Juno-60 battery replaced but draining too fast
Replaced NiCd battery with lithium cell
TL;DR? Scroll down to the "Fix" header at the bottom to see how I solved it.
So this is one of those things I regret not documenting. I actually did this back in 2011 but I was too lazy to document it and of course too lazy to write any post about it.
It's not really a complicated process so I'll just describe it with words.
You see the old battery in a previous post about the Juno-60 here from May 2011, though I didn't put a new battery in at that time.
In October 2011, I just took a small stripboard, placed a CR2450 holder on it and attached it to the inside of the Juno case using a screw. I decided to use CR2450 instead of the usual CR2032 due to the increased capacity. I used two wires to connect it to where the battery pins should be soldered.
This worked well and I was able to save sounds again. Yay!
Battery draining too fast...or maybe it didn't work that well.
According to my notes (I did make a note of the date, even if I didn't document the process) I installed the CR2450 in October 2011 and in February 2013 the battery was dead. That's 16 months. Is that reasonable? Probably not...
I put a new CR2450 in and for some reason hoped it was just a bad battery.
In March this year (2014) it was dead again, only about 11 months later this time.
This really needs to be investigated.
Time to look at some numbers...
What is the battery supplying current to when the Juno is powered off?
Current goes to the RAM, which consists of two TC5514AP-3 4kbit SRAM (IC 11 and IC12).
The battery also powers a TC40H000P quad NAND (IC20), which provides the /CS signal to the RAM, thus keeping it in stand-by mode.
According to datasheets, the TC5514AP has stand-by current consumption of: Typical 0.05uA. Max 20uA.
The TC40H000P has quiescent supply current of: Typical 0.001uA. Max 2uA.
So, totally we have an expected total battery drain current of:
Typical 2*0.05 + 0.001 = 0.101uA.
Max 2*20 + 2 = 42uA
That's quite a difference between max and typical, though you'd have to be really unlucky to get the max current on a device, and even more if you get it on all of them.
In any case, let's see for how long the factory installed battery is expected to last.
Typical 170mAh/0.000101mA = 1683168h = 70132d = 192 years
Max (or min for battery life) 170/0.042 = 4047h = 168d = 5.5 months
So under normal circumstances the battery should last until it self-discharges from aging. Seems reasonable.
Typical 540/0.000101 = 5346534h = 222772d = 610 years
Max (or min for battery life) 540/0.042 = 12857h = 535d = 1.5 years
Time to find out where all that current actually goes.
I removed the battery and hooked up my bench PSU and put my multimeter in series to measure current.
I measured an amazing 90uA current draw! That's not even worst-case (42uA). It's just wrong.
What is causing this???
After the battery, there's a diode (D21) preventing the battery from charging, but it's just in series and can't "consume" any current. After D21, there's a capacitor to ground (C15). Mhmmm... Leaky cap?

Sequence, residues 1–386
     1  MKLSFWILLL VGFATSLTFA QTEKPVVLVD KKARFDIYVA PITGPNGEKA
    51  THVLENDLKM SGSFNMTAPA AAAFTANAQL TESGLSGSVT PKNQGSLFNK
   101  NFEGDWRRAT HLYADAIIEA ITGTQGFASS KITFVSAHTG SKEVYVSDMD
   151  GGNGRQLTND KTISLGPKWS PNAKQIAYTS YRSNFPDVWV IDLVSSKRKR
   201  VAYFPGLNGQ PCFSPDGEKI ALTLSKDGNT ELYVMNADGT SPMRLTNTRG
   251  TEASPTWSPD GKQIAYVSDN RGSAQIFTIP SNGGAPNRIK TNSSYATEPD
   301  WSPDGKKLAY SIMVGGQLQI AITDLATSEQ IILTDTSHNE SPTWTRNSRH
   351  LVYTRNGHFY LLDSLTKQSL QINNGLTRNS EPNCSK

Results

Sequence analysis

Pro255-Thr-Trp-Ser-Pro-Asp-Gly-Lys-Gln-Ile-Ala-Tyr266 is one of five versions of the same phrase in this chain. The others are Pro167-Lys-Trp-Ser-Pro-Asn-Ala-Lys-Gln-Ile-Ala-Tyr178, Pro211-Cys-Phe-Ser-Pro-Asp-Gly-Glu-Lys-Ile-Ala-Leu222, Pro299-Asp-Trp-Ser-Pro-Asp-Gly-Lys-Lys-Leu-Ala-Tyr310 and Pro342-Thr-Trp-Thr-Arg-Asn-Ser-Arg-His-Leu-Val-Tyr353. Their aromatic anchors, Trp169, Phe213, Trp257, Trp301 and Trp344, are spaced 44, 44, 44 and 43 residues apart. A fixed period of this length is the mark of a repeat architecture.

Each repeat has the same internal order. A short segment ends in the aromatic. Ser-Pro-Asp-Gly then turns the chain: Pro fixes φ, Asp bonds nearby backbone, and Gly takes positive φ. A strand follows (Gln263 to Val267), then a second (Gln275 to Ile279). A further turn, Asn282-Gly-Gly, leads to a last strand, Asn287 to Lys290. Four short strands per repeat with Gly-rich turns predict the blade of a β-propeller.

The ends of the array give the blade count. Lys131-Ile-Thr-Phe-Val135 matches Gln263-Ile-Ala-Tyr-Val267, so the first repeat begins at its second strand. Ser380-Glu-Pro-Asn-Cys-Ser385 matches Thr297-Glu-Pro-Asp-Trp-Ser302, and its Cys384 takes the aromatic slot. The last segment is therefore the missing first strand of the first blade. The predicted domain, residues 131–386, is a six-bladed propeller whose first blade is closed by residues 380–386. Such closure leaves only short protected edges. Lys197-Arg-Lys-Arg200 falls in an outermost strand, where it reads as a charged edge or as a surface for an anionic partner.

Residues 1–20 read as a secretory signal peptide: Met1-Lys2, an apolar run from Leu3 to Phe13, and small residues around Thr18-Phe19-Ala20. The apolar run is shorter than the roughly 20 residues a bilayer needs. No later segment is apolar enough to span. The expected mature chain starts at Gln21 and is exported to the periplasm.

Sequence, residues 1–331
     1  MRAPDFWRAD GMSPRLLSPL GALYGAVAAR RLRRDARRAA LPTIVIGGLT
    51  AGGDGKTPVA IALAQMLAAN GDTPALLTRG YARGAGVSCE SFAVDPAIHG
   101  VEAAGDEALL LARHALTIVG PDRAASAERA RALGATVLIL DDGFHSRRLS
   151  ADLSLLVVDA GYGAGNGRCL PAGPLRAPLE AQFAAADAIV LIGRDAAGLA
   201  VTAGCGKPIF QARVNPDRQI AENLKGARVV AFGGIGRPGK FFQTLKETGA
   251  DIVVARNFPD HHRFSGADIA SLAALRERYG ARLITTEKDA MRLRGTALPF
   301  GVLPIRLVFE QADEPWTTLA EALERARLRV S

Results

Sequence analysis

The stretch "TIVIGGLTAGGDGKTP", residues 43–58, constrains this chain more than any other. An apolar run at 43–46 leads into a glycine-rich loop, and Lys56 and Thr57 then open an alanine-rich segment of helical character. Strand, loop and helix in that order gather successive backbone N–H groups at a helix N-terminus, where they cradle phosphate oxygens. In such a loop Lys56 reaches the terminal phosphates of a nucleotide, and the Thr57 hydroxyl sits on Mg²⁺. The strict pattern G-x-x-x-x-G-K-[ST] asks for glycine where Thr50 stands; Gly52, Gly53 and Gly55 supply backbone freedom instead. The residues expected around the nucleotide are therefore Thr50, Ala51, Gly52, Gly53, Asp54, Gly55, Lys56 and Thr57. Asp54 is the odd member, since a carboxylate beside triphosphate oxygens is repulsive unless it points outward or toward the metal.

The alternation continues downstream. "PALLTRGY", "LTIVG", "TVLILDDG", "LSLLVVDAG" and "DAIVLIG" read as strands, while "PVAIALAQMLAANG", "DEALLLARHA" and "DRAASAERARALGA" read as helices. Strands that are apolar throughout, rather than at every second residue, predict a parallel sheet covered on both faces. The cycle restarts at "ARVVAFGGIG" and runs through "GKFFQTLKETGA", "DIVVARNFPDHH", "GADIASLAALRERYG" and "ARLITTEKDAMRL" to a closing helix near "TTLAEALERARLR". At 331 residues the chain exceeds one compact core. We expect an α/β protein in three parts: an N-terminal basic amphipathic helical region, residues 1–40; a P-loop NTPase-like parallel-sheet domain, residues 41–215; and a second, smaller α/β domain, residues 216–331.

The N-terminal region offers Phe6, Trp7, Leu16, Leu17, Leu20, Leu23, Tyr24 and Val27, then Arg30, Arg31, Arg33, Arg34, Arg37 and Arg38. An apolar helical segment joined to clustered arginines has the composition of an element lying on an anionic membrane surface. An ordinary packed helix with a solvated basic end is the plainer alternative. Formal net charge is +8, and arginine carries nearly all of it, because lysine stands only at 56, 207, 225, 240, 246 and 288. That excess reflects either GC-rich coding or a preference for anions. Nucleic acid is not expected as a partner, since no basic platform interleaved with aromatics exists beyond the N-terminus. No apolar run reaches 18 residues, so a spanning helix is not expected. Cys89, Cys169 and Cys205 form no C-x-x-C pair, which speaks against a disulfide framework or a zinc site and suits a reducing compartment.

I lifted one of C15's legs off the board, but there was no change in the current consumption. Bah...
OK, so it's down to the RAM and the NAND.
I removed the first RAM and the current dropped to around 85uA. Hmm?
I also removed the second RAM and the current jumped back up to 90uA. Eh...
It's gotta be the NAND then. I removed it.. and... still 90uA. What?!
With all the ICs powered by the battery, something was still drawing 90uA.
About 30 minutes later, I realized there's one more component in the circuit: D26.
D26 is the diode that prevents the battery from providing power to everything else on the +5V rail.
I lifted one leg off the PCB and... ZERO current draw from the battery!!
Now is a good time to look at the photos from my previous post again.
Look for D26. Location is in the text below the photos.
|D26 is in the top center, right of the two ceramics, by the PCB edge.|
|D26 is in the top left corner|
I didn't really clean up around D26 when I replaced the ceramics back in 2011. I guess it was current leaking through the nasty gunk underneath it.
So now I cleaned up with some isopropyl alcohol and removed all the gunk and soldered it back.
I soldered sockets in for the NAND and RAM ICs and put them back in.
After checking the current with everything back in place it showed near zero current (my multimeter can't reliably show nA numbers, but at least it was less than 1uA).
... for a while ...
Suddenly the current jumped back up to around 90uA. What?!
I removed the ICs from the sockets but there was no change.
So, it wasn't current leaking in the nasty stuff under D26. How much could I expect the diode to leak anyway?
D26 is a 1S2473. Checking the datasheets it's supposed to have a max Ir (max reverse current) of 0.5uA.
Not even close to the 90uA I was getting!
Finally, I decided to remove D26 and replace it with a 1N4148.
Now I got ZERO current draw and I checked several times.
I used my uCurrent (not the new Gold version) and measured the battery current with the uCurrent set to mV/nA.
Using my crappy Voltcraft meter I got 4.7mV (so 4.7nA). Using my Fluke 87 III it read 2.5mV (so 2.5nA).
So, the two RAM ICs and the NAND actually only used 2.5nA. Hah! That is WAY less than the 101nA I calculated above using the datasheet numbers.
OK, so the CR2450 should last for...
540mAh/0.0000025mA = 216000000h = 9000000d = 24657 years...
Right. That's probably not gonna happen, but I think we can conclude that a regular CR2032 would have been just fine as well :)
Feels good to have this old problem finally taken care of! Aaaahhhhhh.....
When your memory backup battery is draining too fast, check/replace the diodes !!!